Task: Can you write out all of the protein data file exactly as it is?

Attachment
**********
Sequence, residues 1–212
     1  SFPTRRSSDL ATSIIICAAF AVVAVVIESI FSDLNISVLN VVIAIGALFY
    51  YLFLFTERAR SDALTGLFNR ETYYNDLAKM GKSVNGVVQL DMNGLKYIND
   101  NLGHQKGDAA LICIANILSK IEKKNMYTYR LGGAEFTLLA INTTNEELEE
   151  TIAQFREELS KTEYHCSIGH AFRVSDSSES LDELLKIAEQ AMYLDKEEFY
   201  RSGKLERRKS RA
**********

Sequence, residues 1–212
     1  SFPTRRSSDL ATSIIICAAF AVVAVVIESI FSDLNISVLN VVIAIGALFY
    51  YLFLFTERAR SDALTGLFNR ETYYNDLAKM GKSVNGVVQL DMNGLKYIND
   101  NLGHQKGDAA LICIANILSK IEKKNMYTYR LGGAEFTLLA INTTNEELEE
   151  TIAQFREELS KTEYHCSIGH AFRVSDSSES LDELLKIAEQ AMYLDKEEFY
   201  RSGKLERRKS RA